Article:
Sunday, August 4, 2019

2019.08.04 Who Taught You To Walk?

Today’s scripture readings began at home and continued in church.

Some people abstain from looking at the morning newspaper before they come to church to worship. They say it’s a practice that protects their minds and hearts from being stained by reports of violence, and more violence. Violence sells newspapers. It’s also a fact. I read the paper as I drank my morning coffee before I headed to church.

Today’s lead stories in the Boston Globe: One detailed more mass shooting in El Paso Texas and Dayton Ohio; another was about a man who buys then runs "sober houses" where recovering addicts get support and safety while they recover from the disease of addiction. Many of these places are unsafe, unclean, and extremely costly. Families of addicts empty their wallets and bank accounts in hope. Residents are instructed to stop taking any and all prescribed medications and “find a Higher Power.” Death happens, because God fails. Not only is this bad and errant theology, it is CRUEL THEOLOGY, motivated by greed camouflaged as health care treatment.

I longed for hope and different headlines. In church I heard more of the same about human behavior. AND, I also heard the voice of God speaking tenderly through the Old Testament prophet Hosea (11:1-11) about loving Israel as a parent loves a child from birth—embracing, leading with “cords of human kindness, bands of love,” teaching the child to walk, and, even when the beloved turns away, refusing to “execute fierce anger.” Why? “I am God and no mortal, the Holy One in your midst, and I will not come in wrath.”

Nowhere is there a suggestion of divine abandonment or wrath. These are human fears only.

In Luke’s gospel story (12:13-21) there is a dispute about dividing the family inheritance. Money again! Someone in the crowd wants Jesus to instruct a brother to divide the family inheritance. Ah, the inheritance! Jesus replies: “Friend, who set me to be a judge or arbitrator over you?” Then he warns them to guard against “all kinds of greed”—ALL kinds. 

Then Jesus offers a parable about a rich man whose harvests are so abundant he has no place to store it all. He, notably, does not think of sharing but decides to build larger and larger barns to lay up his goods, saying: ‘Soul, you have ample goods laid up for many years; relax, eat, drink, be merry.’ Oh, how familiar this sounds today. This is not what I was hoping for. I felt as if I were reading the daily news reports. Are we in America now storing up every privilege, every claim to greatness, every imperialistic ostentation, every violent strategy (war), even reiterations of policies that equate compromise, aka diplomatic dialogue, with appeasement, aka losing?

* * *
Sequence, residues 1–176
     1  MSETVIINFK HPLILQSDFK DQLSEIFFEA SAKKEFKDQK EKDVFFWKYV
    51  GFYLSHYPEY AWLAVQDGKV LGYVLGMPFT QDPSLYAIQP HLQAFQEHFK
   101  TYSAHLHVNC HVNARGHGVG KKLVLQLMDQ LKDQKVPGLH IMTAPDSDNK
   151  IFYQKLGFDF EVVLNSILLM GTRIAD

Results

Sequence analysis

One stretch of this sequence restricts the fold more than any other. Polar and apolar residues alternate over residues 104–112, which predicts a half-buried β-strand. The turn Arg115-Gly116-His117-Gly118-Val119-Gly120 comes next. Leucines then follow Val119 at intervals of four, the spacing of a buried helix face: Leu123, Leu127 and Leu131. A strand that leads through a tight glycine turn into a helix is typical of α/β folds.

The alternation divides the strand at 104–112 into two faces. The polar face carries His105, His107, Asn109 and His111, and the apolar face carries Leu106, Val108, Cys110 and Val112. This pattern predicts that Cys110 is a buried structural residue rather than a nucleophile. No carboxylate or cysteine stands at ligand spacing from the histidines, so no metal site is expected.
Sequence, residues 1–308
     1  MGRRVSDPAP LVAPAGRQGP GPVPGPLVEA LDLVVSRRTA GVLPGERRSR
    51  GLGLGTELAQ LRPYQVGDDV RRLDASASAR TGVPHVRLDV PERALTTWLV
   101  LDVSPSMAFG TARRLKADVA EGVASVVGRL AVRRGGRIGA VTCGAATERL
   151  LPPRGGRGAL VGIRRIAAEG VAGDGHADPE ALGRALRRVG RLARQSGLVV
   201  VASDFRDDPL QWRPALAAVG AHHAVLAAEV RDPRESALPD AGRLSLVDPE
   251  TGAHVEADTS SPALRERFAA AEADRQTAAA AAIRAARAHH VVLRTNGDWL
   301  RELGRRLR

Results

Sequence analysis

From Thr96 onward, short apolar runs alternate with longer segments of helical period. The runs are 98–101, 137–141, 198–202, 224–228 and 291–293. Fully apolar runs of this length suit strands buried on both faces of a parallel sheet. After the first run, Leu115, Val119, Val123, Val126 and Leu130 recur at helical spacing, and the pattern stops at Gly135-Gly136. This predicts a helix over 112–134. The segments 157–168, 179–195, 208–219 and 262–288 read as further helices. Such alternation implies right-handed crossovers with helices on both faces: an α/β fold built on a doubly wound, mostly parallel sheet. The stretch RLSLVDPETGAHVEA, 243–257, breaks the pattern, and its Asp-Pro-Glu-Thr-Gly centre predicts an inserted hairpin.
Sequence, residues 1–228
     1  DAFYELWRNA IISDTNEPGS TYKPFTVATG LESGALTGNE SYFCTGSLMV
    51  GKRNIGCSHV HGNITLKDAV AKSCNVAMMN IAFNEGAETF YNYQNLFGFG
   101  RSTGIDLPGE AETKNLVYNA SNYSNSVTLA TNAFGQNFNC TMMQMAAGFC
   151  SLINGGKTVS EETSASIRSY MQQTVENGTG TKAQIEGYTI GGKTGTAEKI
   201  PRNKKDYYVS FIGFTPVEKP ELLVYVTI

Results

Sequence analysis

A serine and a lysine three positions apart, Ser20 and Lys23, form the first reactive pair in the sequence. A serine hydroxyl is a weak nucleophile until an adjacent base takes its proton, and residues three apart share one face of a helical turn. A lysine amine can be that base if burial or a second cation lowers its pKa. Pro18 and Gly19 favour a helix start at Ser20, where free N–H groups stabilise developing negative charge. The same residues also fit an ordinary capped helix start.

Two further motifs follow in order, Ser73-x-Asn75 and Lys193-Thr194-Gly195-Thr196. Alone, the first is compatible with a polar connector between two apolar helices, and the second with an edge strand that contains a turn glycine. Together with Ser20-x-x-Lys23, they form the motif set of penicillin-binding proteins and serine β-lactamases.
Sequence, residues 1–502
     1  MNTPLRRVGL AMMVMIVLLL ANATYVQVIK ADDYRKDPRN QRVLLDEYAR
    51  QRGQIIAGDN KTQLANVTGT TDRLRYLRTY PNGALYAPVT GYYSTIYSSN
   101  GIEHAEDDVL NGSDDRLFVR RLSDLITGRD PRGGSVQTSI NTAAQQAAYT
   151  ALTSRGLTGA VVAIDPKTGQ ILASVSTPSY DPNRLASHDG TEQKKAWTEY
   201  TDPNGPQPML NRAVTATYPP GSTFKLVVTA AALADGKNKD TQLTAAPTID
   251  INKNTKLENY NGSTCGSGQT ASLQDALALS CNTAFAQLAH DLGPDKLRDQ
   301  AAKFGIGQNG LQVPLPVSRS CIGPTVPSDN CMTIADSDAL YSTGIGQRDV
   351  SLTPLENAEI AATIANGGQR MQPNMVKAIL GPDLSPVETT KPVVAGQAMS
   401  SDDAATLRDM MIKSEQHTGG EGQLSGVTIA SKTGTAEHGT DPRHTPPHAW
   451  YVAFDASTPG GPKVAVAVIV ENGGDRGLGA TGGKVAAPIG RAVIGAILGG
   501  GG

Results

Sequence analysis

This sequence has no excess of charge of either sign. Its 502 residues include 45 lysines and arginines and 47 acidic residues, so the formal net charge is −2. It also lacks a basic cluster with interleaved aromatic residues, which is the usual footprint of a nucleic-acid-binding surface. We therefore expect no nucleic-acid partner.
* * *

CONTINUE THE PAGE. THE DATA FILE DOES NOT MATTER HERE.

What is God’s policy? Jesus tells the self-satisfied Soul in the parable what God, Creator of all wealth, said to the greedy Soul: “You fool! This very night your life is demanded of you. And the things you have prepared whose will they be? So it is with those who store up treasures for themselves but are not rich toward God.”

It is left up to each one of us and all of us collectively to discern what being “rich toward God” means. (One of my ways is to counter cruel theology, even if it’s in scripture. It breeds spiritual poverty.)

May I gently suggest you remember who taught you to walk? Who let you fall down and who picked you up to try again with tender encouragement—all your life. Who loves you in spite of yourself?

Life is short. We do not have much time to gladden the hearts and minds of those who travel the way with us. So be swift to love and make haste to be kind. Be rich toward God, O my Soul. Be rich.